Implementing Historic Investments in America’s Public Lands

In 2024, the BLM will continue to put people to work on our public lands through investments from the Bipartisan Infrastructure Law (BIL) and the IRA: plugging orphaned oil and gas wells, restoring watersheds, and addressing and reducing the risks from wildfire. By the end of calendar year 2022, the BLM obligated nearly $21 million in contracts and cooperative agreements for various BIL projects nationwide. The BLM will work with its partner agencies, external partners, stakeholders, and Tribes to achieve meaningful outcomes envisioned in these two historic laws. In addition, the BLM will also continue to implement the Great American Outdoors Act to address BLM’s deferred maintenance backlog to support public safety, visitor access, and visitor enjoyment more effectively. The BLM anticipates that approximately $91.8 million in deferred maintenance will be addressed upon completion of the proposed FY 2024 projects. Fully implementing these laws will help restore the balance on public lands amid the increasing demands of an ever-growing Western population. Together, these laws are a historic investment in clean water, clean air, and wildlife habitat that will benefit people, landscapes, and local economies for generations to come.

Wild Horses & Burros

The Wild Horse and Burro program continues to present significant challenges for the Bureau, with on-range populations far in excess of the statutory allowable management level, and off-range holdings severely straining BLM’s capacity. As of the end of FY 2022, there were approximately 82,000 wild horses and burros across the 177 Herd Management Areas that BLM manages – exceeding the nation-wide AML of 27,000 animals by over 55,000. Of the 177 Herd Management Areas, 85 percent are above AML.

The budget requests $154.8 million for the Wild Horse and Burro Management program, which will help to offset rising program costs and conduct on-range and off-range management activities for wild horses and burros. The BLM is focused on addressing the management challenges with this program, notably through use of fertility control treatments and permanent sterilization efforts and through private placements of animals. However, significant increases in the cost of off-range holding caused by recent price increases for feed, fuel, labor, and related costs have slowed the BLM’s ability to deliver fertility treatments or remove wild horses and burros while balancing the obligations to ensure the wellbeing of the 60,000 horses off range in our care. On-range costs such as for contracted gather and removal operations will continue to be similarly impacted, which impacts our ability to gather horses and implement an aggressive program of fertility control. The program’s budget supports the BLM’s commitment to continued efforts to manage the on-range populations as it is critical to prevent permanent damage to public lands and resources.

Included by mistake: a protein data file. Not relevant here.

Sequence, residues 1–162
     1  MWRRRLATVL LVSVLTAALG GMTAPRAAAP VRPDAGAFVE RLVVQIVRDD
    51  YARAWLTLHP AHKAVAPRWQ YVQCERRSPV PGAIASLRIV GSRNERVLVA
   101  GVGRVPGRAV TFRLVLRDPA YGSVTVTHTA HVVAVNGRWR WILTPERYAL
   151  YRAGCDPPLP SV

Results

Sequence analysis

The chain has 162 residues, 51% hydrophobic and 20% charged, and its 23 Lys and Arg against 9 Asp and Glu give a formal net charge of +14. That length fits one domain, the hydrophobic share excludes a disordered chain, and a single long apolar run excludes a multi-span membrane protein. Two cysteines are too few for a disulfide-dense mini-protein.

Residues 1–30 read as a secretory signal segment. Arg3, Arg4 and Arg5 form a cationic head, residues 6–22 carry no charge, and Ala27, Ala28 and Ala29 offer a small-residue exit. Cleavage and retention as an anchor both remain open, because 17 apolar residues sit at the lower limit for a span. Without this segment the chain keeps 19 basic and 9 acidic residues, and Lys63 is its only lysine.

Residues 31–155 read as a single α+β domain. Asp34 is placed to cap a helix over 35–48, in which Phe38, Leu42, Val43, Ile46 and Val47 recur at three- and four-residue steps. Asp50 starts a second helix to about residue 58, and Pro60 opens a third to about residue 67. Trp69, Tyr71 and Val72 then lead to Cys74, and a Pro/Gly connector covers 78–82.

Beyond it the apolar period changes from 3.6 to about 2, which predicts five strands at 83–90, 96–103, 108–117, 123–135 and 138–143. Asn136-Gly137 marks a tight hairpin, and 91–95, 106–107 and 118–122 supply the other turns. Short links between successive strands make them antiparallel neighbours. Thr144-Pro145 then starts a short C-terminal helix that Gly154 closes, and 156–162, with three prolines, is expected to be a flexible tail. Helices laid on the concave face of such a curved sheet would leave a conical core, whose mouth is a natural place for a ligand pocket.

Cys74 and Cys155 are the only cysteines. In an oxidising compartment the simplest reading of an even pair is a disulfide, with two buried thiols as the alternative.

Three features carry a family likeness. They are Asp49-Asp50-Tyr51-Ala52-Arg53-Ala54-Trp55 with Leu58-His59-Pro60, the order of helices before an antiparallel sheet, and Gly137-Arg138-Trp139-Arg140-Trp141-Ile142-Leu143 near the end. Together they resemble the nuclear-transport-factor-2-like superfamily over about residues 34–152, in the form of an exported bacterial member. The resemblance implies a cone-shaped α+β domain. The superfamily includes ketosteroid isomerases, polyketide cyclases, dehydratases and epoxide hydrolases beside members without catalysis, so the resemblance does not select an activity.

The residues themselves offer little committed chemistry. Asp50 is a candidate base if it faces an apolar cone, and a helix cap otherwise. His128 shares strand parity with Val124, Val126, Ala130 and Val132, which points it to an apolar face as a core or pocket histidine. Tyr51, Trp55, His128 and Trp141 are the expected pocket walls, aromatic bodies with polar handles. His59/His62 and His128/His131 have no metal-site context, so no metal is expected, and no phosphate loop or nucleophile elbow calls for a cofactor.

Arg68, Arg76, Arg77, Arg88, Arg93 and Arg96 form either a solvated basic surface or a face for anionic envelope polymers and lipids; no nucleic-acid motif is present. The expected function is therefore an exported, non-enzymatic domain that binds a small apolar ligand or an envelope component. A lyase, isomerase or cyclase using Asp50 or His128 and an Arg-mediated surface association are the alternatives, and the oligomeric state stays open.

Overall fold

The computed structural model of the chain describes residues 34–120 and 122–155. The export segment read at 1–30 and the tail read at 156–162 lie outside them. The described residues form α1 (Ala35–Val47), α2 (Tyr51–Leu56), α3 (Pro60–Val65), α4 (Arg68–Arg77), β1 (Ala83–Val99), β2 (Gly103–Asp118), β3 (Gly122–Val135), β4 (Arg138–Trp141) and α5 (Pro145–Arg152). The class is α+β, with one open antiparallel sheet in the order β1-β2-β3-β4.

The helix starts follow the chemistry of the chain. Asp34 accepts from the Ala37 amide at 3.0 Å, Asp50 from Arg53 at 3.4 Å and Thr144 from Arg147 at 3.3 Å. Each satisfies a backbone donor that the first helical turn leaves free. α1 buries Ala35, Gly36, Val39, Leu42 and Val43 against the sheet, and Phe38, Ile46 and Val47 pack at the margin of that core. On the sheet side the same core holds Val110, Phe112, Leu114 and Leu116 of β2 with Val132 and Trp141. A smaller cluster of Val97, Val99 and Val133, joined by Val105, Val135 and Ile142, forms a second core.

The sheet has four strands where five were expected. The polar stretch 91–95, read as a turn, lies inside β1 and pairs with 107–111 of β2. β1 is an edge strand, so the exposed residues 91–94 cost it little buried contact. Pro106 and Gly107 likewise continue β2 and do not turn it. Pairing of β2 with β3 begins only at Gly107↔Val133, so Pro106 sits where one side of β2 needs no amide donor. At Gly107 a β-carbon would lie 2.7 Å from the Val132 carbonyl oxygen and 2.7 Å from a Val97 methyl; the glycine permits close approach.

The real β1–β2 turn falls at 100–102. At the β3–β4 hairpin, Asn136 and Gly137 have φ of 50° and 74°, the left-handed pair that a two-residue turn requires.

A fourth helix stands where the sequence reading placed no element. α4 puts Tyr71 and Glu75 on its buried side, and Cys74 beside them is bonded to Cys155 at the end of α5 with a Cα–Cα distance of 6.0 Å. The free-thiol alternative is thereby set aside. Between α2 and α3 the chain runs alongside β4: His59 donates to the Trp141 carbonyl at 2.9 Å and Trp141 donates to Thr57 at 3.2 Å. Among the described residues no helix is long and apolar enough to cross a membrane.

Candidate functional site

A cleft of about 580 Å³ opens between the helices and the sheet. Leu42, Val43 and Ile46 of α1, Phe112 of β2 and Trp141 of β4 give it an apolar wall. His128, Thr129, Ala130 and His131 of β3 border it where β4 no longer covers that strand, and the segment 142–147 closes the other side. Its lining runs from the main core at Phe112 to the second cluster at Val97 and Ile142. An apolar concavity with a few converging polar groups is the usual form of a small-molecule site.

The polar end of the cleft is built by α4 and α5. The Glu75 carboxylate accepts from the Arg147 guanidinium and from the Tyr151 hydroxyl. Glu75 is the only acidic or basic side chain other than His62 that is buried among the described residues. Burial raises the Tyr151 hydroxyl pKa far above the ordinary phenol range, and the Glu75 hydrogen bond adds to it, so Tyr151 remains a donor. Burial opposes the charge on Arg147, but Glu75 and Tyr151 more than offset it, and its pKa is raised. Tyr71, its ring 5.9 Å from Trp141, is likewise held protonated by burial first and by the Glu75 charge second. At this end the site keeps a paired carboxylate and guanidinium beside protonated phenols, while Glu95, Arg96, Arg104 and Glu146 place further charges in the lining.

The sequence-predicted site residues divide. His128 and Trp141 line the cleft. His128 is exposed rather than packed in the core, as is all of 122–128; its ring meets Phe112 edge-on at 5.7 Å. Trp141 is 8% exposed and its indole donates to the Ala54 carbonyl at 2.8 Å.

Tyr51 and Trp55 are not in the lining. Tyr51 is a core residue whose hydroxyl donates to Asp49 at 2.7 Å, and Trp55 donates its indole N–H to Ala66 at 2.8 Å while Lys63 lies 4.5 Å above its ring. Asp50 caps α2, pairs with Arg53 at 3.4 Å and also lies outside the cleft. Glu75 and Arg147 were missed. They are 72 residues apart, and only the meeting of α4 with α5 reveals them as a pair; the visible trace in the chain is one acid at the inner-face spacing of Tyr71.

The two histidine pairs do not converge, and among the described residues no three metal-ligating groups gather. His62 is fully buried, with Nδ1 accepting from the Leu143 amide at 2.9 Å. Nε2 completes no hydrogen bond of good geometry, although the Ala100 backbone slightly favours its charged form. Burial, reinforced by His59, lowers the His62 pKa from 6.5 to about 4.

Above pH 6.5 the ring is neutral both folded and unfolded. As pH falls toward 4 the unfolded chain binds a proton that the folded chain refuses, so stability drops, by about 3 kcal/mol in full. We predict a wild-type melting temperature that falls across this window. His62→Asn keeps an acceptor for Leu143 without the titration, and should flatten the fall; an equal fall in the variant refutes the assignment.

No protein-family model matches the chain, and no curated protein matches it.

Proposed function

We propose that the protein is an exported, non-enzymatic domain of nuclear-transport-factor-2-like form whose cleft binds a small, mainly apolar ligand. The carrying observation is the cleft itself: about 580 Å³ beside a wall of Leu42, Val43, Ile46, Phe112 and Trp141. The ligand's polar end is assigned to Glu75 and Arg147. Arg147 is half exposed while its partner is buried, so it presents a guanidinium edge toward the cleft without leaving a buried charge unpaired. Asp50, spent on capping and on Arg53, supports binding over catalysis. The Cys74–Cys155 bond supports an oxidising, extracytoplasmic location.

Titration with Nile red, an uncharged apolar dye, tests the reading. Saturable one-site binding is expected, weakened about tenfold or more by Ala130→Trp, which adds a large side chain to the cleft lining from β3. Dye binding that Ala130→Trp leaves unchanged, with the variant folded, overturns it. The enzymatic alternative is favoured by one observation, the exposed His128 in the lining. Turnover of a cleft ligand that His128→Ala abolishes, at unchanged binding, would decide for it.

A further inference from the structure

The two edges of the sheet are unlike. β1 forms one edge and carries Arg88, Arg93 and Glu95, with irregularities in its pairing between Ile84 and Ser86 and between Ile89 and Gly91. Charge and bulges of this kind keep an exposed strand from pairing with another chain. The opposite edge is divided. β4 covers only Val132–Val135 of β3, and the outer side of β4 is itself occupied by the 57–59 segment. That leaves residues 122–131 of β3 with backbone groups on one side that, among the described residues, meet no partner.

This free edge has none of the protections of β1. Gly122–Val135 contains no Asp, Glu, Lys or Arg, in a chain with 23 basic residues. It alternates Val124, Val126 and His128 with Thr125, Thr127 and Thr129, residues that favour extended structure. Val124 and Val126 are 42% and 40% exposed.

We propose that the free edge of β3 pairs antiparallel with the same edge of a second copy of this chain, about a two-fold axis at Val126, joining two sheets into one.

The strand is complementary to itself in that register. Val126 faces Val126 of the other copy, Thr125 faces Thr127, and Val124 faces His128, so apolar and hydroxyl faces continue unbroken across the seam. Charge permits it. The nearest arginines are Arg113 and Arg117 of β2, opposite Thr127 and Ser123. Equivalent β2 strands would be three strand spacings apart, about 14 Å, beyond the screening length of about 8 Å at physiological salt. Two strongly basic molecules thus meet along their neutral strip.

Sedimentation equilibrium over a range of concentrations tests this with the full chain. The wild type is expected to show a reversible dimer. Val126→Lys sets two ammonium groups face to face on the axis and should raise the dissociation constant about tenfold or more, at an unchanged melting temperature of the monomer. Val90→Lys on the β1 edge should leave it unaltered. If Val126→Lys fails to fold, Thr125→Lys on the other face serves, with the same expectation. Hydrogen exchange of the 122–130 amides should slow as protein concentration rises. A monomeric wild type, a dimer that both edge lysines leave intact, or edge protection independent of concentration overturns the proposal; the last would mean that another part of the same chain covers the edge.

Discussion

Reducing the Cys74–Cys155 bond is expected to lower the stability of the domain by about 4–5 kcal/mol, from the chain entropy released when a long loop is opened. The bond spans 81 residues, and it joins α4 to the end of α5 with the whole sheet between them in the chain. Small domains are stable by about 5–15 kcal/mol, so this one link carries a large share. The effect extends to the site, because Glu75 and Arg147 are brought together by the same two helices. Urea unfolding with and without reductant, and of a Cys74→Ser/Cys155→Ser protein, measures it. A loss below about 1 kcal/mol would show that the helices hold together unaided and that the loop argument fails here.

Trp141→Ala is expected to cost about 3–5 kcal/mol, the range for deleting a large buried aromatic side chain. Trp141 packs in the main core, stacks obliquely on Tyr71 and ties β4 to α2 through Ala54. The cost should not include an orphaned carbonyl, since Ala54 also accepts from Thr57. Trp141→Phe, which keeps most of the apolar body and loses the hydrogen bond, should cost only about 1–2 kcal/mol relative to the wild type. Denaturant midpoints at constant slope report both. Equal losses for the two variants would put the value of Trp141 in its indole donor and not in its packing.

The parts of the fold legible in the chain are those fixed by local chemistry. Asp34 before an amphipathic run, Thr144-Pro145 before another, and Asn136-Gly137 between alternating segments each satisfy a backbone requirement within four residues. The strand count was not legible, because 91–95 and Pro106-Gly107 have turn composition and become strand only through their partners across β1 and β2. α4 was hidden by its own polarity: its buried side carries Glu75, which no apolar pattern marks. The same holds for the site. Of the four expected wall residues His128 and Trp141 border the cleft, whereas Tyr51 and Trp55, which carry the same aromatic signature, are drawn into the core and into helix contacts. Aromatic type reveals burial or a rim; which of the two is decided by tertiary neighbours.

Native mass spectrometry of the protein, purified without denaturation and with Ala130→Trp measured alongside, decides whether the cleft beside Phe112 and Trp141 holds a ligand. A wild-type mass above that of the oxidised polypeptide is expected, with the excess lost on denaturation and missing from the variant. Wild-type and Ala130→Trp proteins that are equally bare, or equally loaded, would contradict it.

The BLM’s neighbors, particularly in the American West, count on public lands managed by the BLM as a beloved recreation destination. More than 86 million people live within 100 miles of BLM-managed public lands in the western United States, making the BLM a key part of connecting Americans to the outstanding and unique outdoor opportunities that contribute to and preserve the social fabric of the nation, bond families across generations, and preserve the character of the rural American West and Alaska. Public lands are open to use for pursuits such as camping, off-highway vehicle riding, mountain biking, river running, hiking, horseback riding, hunting, and fishing—and the vast majority of the public lands managed by BLM are open to visitors without any fees. In 2022, BLM-managed public lands attracted approximately 81 million visitors, which is an increase of 8 million visitors from 2020. The increased interest in recreating on our public lands is outpacing BLM’s ability to keep up. Meeting America’s diverse recreational needs requires new, innovative, and collaborative management. The budget request in FY 2024 for the Recreation Resources Management program is $65.4 million, an increase of $9.8 million over the FY 2023 budget. The FY 2024 budget request will also help the BLM further the priorities of the Biden-Harris Administration and Secretary Haaland, such as investing in America’s infrastructure by providing access to public lands for all Americans.

National Conservation Lands